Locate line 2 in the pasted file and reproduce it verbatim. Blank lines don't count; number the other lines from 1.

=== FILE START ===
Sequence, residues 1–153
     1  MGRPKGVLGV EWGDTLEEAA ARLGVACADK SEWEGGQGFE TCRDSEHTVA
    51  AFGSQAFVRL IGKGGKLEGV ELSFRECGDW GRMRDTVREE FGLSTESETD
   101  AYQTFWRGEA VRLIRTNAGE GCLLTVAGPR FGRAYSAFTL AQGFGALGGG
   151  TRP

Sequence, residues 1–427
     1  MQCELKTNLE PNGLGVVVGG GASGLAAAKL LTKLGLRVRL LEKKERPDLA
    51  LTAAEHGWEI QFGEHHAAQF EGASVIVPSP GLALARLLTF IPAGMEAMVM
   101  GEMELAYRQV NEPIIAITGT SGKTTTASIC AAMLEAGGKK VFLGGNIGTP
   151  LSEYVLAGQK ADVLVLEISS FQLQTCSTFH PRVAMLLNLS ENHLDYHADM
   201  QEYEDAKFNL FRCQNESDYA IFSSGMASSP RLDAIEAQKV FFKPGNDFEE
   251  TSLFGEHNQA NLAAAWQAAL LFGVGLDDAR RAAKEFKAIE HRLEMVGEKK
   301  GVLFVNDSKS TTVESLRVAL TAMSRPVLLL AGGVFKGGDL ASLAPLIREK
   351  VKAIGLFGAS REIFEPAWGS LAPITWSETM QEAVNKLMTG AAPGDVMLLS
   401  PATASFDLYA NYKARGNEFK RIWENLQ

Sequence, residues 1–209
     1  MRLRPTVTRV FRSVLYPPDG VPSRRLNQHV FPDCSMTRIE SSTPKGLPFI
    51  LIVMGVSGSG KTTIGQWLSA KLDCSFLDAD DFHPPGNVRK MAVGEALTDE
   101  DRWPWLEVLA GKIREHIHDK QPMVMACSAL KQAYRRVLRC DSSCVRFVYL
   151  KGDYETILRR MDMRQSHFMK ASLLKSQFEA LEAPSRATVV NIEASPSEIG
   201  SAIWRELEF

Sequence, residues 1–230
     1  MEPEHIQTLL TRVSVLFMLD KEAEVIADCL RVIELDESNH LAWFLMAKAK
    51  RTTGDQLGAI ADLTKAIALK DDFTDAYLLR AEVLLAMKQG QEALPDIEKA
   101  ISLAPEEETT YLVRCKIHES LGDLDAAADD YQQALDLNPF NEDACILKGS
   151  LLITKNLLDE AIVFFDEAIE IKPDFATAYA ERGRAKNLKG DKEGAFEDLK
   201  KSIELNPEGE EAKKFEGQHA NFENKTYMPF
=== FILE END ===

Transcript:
     1  MGRPKGVLGV EWGDTLEEAA ARLGVACADK SEWEGGQGFE TCRDSEHTVA